So, Joseph Losey week safely over, we got this box set of “Fifty Film Noirs”, many of which are actually old TV shows and stuff, and many of which are VERY BAD QUALITY.

One of the stranger things included was a film I didn’t even know existed, THE LODGER.

No, not that one.

And not that one either.

This one! A ’30s remake of the Hitchcock original, again starring Ivor Novello, and directed by Maurice Elvey. Elvey could be the great lost mediocrity of British cinema, working over five decades and building up a truly negligible body of work, although there are islands of interest speckled among his ocean of dross. HINDLE WAKES, which he filmed twice, in 1918 and 1927, has a good reputation as a rare unpatronising look at working-class life and leisure. And anybody whose career runs from 1913 silent shorts to 1958 TV episodes is tied into our history in ways that are unimaginable now.

THE LODGER, unleashed stateside as THE PHANTOM FIEND, isn’t exactly one of Elvey’s highest points, but it has plenty of weird interest. Mostly sound-stage-bound, it occasionally throws in ciné-veritéstreet scenes showing news vendors hawking the latest accounts of “the Avenger” and his murderous exploits. It features a frighteninly nubile Jack Hawkins, playing “straight man” to Ivor Novello’s very queer gentleman.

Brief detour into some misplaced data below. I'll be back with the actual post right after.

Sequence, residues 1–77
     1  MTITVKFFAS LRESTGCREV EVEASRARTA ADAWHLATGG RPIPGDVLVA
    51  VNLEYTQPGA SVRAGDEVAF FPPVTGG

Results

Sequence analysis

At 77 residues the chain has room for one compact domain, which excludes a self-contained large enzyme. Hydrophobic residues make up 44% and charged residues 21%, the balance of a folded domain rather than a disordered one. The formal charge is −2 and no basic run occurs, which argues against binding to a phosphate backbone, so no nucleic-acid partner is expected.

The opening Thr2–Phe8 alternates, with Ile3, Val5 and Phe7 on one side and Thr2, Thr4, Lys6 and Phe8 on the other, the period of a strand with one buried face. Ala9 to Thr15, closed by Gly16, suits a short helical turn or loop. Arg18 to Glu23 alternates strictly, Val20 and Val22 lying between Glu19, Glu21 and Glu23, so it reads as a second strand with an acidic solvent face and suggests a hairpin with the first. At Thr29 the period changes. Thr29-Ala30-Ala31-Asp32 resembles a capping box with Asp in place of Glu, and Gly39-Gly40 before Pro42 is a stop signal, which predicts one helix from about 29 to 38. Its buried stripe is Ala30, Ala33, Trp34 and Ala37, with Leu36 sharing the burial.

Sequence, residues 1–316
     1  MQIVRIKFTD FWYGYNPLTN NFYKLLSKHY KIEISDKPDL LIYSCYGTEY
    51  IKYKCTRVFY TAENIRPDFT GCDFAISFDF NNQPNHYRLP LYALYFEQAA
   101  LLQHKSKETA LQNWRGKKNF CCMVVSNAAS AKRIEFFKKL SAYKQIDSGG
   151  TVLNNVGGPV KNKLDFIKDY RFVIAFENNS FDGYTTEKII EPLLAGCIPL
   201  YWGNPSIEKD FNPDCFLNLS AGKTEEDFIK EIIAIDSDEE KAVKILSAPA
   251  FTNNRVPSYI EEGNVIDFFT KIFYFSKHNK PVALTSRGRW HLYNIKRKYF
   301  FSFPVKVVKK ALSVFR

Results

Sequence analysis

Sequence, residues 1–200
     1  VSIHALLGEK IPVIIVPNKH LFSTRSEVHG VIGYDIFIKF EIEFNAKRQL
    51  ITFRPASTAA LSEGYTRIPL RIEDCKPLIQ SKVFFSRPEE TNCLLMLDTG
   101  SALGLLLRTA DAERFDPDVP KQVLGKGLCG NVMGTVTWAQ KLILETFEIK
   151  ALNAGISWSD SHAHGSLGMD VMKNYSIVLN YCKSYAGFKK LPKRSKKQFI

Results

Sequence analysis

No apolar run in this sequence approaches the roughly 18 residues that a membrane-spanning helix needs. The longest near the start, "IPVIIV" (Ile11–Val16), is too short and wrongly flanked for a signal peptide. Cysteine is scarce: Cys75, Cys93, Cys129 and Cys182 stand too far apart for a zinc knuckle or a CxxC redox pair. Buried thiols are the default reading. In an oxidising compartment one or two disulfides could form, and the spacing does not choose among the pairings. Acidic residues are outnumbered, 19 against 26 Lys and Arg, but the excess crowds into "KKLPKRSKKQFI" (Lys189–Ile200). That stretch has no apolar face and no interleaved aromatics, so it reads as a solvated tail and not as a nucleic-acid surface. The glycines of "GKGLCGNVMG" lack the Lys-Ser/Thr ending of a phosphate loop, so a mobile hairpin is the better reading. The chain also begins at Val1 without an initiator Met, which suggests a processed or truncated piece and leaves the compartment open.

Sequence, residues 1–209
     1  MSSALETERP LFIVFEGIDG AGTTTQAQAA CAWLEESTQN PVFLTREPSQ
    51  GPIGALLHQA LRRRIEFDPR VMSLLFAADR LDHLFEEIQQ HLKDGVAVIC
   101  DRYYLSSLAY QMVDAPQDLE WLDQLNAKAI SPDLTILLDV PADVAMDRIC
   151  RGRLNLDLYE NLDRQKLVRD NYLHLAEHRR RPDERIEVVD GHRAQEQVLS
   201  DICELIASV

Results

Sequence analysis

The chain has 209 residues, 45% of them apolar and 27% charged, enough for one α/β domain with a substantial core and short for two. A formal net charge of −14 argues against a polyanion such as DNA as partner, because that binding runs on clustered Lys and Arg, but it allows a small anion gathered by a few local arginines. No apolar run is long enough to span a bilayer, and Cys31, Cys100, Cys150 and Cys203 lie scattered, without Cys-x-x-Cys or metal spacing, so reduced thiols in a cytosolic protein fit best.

‘ere I am, J.H.

It has a bizarre and lively leading lady, Elizabeth Allen (later to be seen slaughtering German fifth columnists in WENT THE DAY WELL?). And it has the strange, sometimes comical figure of Novello himself. And one simply superb cut: Hawkins describes how a murder victim’s throat was slashed from ear to ear, and Elvey jumps to Novello, in his room, drawing the bow across his violin with passionate intensity…

Brrr…illiant. Disgracefully, I can’t remember if this occurs in the Hitchcock. Very possibly it does. Elvey is also aided by his gifted screenwriters, actor/director Miles Mander, and director/producer/author Paul Rotha. So it’s hard for me to say where the idea came from. Perhaps a clue that I need to re-view the original. In fact, I have a dozen or so early Hitchcocks that need viewing…

Seemingly Novello’s Welsh accent was considered quite impossible in the early days of British sound film, so the script contrives a Serbian backstory for him, and his Celtic inflections are subsumed in cod-Balkan. Novello is a Shadowplay favourite because he is funny. Also, because of his peculiar dressing-room shenanigans. As with Ramon Novarro, there is absolutely no mistaking his homosexuality, which means that every film where he plays it hetero becomes a piece of Brechtian theatre, only more amusing. 

Ivor is startled by a portrait on the wall!

But mainly the film was interesting because the crumbling soundtrack, bad splices and low-quality telecine made it all but inaudible. “It sounds like it was recorded on tissue paper,” Fiona said. When you can’t hear what people are really saying, it’s fun to just make stuff up and imagine a new story that would incorporate these lines: